These days, it’s common for a business to forego a sales brochure. After all, if people want to find you, they can look online, right? But there are still audiences and purposes for which a printed sales brochure can bring in lots of leads. If you are providing a service, a professional brochure that lets potential customers know what you can do for them is valuable. And a brochure for your products can spell out the benefits in a concise way that gives readers a desire to see for themselves.
Too many brochures, though, lack the visual impact or marketing message that will lead people to look twice. If you’re going to take the time to create a brochure, consider our advice:
- Use large, colorful photos of your product, service or business. One of the biggest mistakes we see is the use of lots of tiny images – or no images at all. Of course, we’re biased about the importance of professional photos in your marketing, but we do observe that people are more likely to pick up a brochure if it has nice images.
- Images should be relevant to the message. Don’t just put in a photo of your office unless it’s to encourage potential customers to come by. We won’t suggest that you never use stock photos, but used incorrectly they look fake and don’t give the right impression.
- Leave the clip art out. Rarely does clip art add anything to a brochure. Images of your product or service do much, much more to communicate to your customer than a random illustration.
- Create a compelling cover. The cover should ask a question, list a benefit, or have a headline and image that otherwise draws the reader’s attention. A company logo should be small, if it’s on the cover at all.
- Use the inside panels as a full spread. The reader will look at the inside of the brochure as a whole, so design it as a whole. Photos and headlines can go across the fold.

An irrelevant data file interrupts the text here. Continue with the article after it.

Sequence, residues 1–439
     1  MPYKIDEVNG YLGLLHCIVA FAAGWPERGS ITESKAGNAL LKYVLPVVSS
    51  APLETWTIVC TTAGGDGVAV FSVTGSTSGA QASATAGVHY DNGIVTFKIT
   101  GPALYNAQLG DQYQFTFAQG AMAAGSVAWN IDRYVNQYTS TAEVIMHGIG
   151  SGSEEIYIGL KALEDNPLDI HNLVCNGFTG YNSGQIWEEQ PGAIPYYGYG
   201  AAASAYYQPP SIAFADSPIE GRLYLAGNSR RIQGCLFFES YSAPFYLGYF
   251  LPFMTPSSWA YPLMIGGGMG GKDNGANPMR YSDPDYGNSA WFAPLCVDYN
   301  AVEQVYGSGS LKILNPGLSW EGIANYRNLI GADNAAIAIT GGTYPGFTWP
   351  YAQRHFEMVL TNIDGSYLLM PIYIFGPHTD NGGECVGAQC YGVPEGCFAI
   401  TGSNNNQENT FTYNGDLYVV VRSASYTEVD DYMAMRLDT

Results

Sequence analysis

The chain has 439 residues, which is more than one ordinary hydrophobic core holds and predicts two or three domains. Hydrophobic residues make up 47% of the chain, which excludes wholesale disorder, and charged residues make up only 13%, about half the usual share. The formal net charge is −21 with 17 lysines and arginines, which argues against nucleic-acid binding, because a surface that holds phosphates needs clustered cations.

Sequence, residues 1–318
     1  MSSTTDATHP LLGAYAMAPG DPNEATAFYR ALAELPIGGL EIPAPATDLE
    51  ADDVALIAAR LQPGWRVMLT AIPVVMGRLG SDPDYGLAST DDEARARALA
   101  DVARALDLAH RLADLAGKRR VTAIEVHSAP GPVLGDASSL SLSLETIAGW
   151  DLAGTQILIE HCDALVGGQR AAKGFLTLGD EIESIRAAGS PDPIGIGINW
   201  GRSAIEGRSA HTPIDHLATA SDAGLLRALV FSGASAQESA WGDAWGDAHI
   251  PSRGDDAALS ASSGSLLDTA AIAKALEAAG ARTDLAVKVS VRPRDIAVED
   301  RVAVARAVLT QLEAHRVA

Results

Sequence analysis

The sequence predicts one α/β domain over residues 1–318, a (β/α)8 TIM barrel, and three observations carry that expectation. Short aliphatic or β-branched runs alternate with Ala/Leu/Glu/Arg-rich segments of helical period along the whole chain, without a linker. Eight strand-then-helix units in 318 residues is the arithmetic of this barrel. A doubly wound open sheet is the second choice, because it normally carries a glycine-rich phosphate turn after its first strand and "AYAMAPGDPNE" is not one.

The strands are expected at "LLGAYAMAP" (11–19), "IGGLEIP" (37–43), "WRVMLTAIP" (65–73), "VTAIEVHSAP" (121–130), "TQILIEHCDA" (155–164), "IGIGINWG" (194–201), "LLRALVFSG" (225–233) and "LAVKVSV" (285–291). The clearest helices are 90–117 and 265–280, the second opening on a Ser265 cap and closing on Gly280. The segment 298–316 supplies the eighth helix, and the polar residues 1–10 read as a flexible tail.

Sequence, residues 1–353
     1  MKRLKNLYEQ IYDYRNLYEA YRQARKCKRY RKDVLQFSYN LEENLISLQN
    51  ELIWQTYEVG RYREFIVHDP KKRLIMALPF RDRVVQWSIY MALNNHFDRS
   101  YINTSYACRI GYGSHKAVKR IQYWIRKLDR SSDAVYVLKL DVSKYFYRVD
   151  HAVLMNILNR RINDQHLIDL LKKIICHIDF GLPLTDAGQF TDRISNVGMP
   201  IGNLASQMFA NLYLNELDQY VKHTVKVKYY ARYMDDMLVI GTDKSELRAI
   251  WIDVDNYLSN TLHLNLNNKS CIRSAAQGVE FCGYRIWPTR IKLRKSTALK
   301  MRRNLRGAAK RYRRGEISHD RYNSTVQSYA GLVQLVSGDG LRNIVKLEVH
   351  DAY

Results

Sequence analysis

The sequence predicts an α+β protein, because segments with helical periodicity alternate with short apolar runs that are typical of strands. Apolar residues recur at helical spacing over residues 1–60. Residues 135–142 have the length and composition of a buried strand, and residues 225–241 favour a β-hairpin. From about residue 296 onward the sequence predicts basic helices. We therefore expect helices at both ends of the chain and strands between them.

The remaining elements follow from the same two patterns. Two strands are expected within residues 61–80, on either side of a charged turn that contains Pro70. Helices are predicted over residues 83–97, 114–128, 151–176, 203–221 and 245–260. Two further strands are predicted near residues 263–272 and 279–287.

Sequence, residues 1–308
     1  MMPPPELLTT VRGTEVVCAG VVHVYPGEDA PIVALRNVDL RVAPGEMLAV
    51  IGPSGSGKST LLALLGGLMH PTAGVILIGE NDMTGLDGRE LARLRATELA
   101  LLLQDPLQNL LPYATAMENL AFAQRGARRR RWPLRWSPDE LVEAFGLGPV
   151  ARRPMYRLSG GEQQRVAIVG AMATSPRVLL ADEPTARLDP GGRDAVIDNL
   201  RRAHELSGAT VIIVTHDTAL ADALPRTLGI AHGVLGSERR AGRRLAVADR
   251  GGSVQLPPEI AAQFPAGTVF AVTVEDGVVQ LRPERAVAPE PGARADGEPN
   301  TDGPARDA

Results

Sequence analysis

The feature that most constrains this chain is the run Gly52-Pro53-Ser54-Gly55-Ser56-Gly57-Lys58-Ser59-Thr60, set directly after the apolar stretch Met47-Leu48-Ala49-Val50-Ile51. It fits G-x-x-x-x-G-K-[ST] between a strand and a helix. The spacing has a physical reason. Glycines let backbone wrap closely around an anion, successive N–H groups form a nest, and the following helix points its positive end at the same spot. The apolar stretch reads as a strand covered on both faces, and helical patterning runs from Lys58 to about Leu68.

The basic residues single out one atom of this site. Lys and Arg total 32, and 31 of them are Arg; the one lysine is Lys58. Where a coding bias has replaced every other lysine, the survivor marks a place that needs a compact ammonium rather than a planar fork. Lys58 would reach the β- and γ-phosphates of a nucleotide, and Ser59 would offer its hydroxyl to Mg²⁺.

- Think about what you want to say, and do it in as few words as possible. Copy in brochures is tricky. Too little, and you don’t convey your message. Too much, and no one will read it. Find the right balance with strong headlines and subheads, bulleted lists, pull quotes and other smart use of eye-catching text.
- Keep your message warm and emotional, and focused on providing a solution for your reader. You just need to pull in a potential customer, and interest him or her enough to check your website or call you. You don’t need to educate about all the ins and outs of property rental or river cruises or whatever you’re selling. Just set a tone and tell the reader how you can solve a tricky problem for him or her. List the benefits of your solution. Then let the resources you’ve given for more information work.
- Include some useful information. Don’t just include sales copy. If you’re a plumber, how about “10 ways to know if you have a plumbing emergency”? Or a nonprofit might have “Five ways to make a big difference for kids” (or pets, or the elderly, or whatever group you serve). What would make you want to keep a brochure around? What could you share that would be helpful information for your target customer?
- Always include correct, readable contact info and a call to action. We’ve seen lovely brochures that left off the company’s phone number, included it in tiny type on the back or even listed it wrong. And be sure to have a goal in mind for what you want readers to do. If you’d like them to visit your website, direct them there. If you’d like them to call, offer a special for first-time customers who call you.
- Invest in professional printing. Yes, office printers do a great job. But they aren’t as good as real printing, and a reader can tell the difference. Select a heavyweight paper that feels substantial (not like copy paper) in the reader’s hands. A nice gloss or matte coating as a finish can add to the good impression.
- Don’t consider it permanent. Printing costs are lower than they have ever been. A good brochure may only work for you for a couple of months before you want to change the offer or use different photos or send a different message. Maybe what you do is seasonal – a landscape company might introduce a new brochure focused on leaf cleanup and winter preparation in early September. Don’t think of your brochure as something you’ll keep around and give out for years.
Other options, such as creating a brochure in a different shape or printing on colored paper, may work for your business. Your goal is to get the maximum amount of interest and exposure. We’d be happy to consult with you about a print brochure design, photography and/or printing – contact us with your questions.